Do all signalling pathways have something that can inhibit them? If the signal pathway is benefitial and it is inhibited would the inhibitor be caused by a biological problem? Are all inhibitors controlled by some subcellular mechanism?
There are some inhibitors in the cell, which have specific effects on signal transduction. These are mostly second messengers (like cAMP, cGMP, calcium ions, inositol 1,4,5-trisphosphate and others), which are then able to diffuse relative fast to other proteins. There they can either amplify a signal or cause inhibiting processes to start which then terminate the activation of the signal transduction cascade. The problem is that these inhibitors that they work unspecific in their inhibition and termination. Signal transduction is tightly controlled as they directly influence the expression of various genes.
A lot of the proteins in these cascades are kinases which are activated upon phosphorylation and then carry on by phosphorylating the next step of the cascade. The activity is stopped by phosphatases which remove the phosphorylations from the kinases and thus inactivate them until the next signal is passed down the cascade. It works like in this figure (from here):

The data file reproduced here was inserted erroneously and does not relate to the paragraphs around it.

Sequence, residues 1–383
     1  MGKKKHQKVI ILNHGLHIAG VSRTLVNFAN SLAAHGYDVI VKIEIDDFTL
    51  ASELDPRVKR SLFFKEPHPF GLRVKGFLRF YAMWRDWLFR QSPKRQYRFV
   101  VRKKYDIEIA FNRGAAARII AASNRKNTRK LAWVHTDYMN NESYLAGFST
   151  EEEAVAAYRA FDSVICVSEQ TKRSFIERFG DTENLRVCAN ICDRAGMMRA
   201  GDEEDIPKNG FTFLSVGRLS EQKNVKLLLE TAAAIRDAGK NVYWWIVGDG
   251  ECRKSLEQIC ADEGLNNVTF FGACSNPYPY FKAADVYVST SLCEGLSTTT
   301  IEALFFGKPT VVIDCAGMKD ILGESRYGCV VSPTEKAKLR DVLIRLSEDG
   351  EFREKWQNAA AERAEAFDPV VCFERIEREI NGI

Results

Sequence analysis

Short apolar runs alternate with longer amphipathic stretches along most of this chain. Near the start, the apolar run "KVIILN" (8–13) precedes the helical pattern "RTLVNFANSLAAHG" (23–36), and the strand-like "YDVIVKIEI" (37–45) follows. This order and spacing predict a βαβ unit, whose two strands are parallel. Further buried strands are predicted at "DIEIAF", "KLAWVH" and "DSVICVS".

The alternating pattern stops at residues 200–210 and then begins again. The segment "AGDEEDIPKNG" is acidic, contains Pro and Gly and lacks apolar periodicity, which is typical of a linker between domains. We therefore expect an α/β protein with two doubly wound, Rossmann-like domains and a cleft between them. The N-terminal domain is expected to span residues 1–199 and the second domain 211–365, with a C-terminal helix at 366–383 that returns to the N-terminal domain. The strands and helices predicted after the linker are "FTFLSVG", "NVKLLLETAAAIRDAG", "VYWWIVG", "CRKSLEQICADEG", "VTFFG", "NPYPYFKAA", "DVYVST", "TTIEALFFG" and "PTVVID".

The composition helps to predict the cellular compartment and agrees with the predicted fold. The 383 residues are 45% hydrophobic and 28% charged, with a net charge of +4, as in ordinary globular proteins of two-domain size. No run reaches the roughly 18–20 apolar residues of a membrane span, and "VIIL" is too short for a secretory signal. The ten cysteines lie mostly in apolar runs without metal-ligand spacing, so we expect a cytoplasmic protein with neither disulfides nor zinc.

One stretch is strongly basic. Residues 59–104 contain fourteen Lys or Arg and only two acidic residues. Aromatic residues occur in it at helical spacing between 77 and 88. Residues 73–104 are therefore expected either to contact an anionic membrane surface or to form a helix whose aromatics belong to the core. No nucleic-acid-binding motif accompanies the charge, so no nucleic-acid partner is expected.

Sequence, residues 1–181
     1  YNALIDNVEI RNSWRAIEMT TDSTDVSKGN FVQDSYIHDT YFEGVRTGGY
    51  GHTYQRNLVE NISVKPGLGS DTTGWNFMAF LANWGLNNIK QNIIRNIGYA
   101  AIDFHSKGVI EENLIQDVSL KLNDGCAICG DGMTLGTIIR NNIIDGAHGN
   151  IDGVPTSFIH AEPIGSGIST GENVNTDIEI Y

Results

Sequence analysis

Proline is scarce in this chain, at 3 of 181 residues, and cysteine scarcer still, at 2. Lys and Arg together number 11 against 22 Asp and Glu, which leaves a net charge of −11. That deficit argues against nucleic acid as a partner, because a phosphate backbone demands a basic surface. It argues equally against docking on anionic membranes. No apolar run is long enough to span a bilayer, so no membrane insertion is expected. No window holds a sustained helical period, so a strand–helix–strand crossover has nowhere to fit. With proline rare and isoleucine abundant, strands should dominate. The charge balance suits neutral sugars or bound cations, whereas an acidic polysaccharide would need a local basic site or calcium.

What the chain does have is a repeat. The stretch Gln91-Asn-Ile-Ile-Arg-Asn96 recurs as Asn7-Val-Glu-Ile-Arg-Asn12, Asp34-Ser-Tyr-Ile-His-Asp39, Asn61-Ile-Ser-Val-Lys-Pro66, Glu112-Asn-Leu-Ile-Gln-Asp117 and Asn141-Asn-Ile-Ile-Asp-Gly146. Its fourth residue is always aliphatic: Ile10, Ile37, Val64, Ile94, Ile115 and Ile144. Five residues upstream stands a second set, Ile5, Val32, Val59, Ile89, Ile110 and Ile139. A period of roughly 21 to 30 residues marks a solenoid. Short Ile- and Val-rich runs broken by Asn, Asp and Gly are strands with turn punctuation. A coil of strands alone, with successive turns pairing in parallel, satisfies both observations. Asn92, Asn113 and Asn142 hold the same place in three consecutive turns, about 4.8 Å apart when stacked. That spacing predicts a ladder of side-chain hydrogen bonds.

Specific inhibitors for single proteins in the signalling cascades are available as drugs against cancer. Since these signalling cascades regulate gene expression including cell cycle control, they are important targets for dysregulation in cancer. A numer of kinases in the MAP kinase pathway for example are mutated there and constantly active. The so called small molecule inhibitors bind to the protein and inhibit the kinase activity, preventing a permanent signal. See this article for more information: